Who has influence now?

If Vice President Joe Biden actually ran for President he would be 74 when he took office making him the oldest first term president ever. Despite his advanced age though Biden hasn’t shut the door on a possible run. In fact, he has taken several steps to hold this option open.

For example, Biden paid special attention to early primary states during inauguration events. He attended the Iowa Democrats’ pre-inauguration party and invited the New Hampshire governor to the private swearing in ceremony on Sunday.

While speculation about Biden’s plans four years from now might seem silly, if Biden is at least exploring the possibility there are real implications for activists right now. Since President Obama will never run again, grassroots groups have lost a huge amount of potential influence over this administration. During his first term Obama needed to keep his potential voters relatively engaged so that gave different groups electoral leverage to push him to take actions, such as delaying the Keystone XL pipeline decision or creating a system for DREAM kids.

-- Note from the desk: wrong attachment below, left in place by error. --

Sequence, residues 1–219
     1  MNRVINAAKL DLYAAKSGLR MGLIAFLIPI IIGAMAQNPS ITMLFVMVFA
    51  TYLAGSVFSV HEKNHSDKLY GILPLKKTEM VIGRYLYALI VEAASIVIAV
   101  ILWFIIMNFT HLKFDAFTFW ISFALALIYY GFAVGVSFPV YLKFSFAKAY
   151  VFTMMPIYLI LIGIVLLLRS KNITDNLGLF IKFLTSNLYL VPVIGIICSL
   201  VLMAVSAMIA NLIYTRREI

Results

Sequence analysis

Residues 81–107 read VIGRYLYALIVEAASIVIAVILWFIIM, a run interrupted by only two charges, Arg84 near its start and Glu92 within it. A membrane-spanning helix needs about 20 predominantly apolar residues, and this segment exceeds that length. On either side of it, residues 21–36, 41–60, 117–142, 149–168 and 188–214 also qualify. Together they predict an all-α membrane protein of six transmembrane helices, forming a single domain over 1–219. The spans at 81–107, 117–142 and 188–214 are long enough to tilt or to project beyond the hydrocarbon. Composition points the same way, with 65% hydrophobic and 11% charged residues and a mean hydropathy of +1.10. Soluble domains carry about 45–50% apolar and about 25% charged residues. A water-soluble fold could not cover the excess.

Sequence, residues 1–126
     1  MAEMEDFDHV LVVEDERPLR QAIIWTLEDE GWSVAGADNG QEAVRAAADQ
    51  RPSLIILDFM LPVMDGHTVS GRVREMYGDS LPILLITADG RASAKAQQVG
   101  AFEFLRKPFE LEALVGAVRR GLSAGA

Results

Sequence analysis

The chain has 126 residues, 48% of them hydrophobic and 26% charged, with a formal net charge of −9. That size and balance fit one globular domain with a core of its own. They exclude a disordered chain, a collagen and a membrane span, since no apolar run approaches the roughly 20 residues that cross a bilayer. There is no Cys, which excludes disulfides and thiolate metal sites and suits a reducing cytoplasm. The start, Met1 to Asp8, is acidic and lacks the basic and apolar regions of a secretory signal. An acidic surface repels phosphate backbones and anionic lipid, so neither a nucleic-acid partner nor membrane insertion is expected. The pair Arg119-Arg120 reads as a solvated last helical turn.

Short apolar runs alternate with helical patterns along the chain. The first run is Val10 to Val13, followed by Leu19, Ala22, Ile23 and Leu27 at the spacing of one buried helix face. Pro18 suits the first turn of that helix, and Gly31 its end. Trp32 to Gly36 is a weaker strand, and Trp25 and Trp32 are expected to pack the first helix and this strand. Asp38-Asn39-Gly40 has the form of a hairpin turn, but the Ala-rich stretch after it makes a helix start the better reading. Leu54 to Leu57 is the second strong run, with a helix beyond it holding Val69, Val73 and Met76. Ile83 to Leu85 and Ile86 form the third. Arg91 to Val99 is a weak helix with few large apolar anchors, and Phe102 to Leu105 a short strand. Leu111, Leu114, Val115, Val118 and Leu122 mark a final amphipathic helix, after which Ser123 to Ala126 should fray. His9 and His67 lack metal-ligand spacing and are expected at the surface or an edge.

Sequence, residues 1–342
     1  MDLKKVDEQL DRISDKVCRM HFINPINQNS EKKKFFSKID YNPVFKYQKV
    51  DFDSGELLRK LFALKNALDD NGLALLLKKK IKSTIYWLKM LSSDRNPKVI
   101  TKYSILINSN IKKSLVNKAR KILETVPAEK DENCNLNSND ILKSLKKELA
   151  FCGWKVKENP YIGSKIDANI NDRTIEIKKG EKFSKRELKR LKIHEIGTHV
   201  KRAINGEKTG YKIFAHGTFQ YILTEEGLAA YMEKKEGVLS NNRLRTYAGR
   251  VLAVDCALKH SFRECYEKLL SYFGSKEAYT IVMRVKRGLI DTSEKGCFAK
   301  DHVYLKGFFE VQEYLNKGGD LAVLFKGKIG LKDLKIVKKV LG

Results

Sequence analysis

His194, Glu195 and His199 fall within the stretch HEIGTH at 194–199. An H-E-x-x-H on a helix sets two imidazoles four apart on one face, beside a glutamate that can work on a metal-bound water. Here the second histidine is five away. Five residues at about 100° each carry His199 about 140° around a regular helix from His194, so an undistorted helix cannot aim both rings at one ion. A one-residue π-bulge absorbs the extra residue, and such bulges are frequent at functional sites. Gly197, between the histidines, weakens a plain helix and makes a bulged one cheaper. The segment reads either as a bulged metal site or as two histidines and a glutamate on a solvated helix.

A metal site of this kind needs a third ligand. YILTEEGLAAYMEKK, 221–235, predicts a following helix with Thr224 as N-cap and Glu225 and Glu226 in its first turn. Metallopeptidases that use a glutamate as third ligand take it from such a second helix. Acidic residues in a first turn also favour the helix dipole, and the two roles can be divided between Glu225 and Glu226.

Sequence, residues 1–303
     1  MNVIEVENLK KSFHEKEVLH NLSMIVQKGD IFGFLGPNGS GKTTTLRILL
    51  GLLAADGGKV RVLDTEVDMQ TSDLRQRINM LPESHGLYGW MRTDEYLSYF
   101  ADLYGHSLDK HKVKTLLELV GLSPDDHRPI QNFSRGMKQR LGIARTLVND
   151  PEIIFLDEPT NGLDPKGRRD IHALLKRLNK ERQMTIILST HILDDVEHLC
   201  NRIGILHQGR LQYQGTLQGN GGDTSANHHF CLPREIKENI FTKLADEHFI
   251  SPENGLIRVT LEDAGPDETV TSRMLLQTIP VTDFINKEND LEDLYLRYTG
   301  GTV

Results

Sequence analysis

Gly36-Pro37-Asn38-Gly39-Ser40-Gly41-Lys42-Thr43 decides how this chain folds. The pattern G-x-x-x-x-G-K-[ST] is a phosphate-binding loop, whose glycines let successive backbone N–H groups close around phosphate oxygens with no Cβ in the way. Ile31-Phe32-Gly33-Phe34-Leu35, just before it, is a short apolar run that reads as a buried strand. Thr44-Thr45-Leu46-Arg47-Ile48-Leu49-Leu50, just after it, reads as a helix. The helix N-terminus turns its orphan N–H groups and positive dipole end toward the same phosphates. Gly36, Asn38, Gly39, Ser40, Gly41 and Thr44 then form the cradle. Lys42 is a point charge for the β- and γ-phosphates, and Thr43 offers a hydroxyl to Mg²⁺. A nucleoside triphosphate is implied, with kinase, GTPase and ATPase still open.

Obama is no longer personally susceptible to that kind of raw electoral pressure, but if Biden is seriously considering running it means activists at least retain a tiny measure of this leverage with the administration. At least it means Biden could probably be pursued to lobby Obama against some action if it is seen as too damaging with the base.

If you want to try to influence policy you need to know every potential point of leverage that might be exploitable, regardless how small.

Ed Note: Case in Point

Photo by afagen under Creative Commons license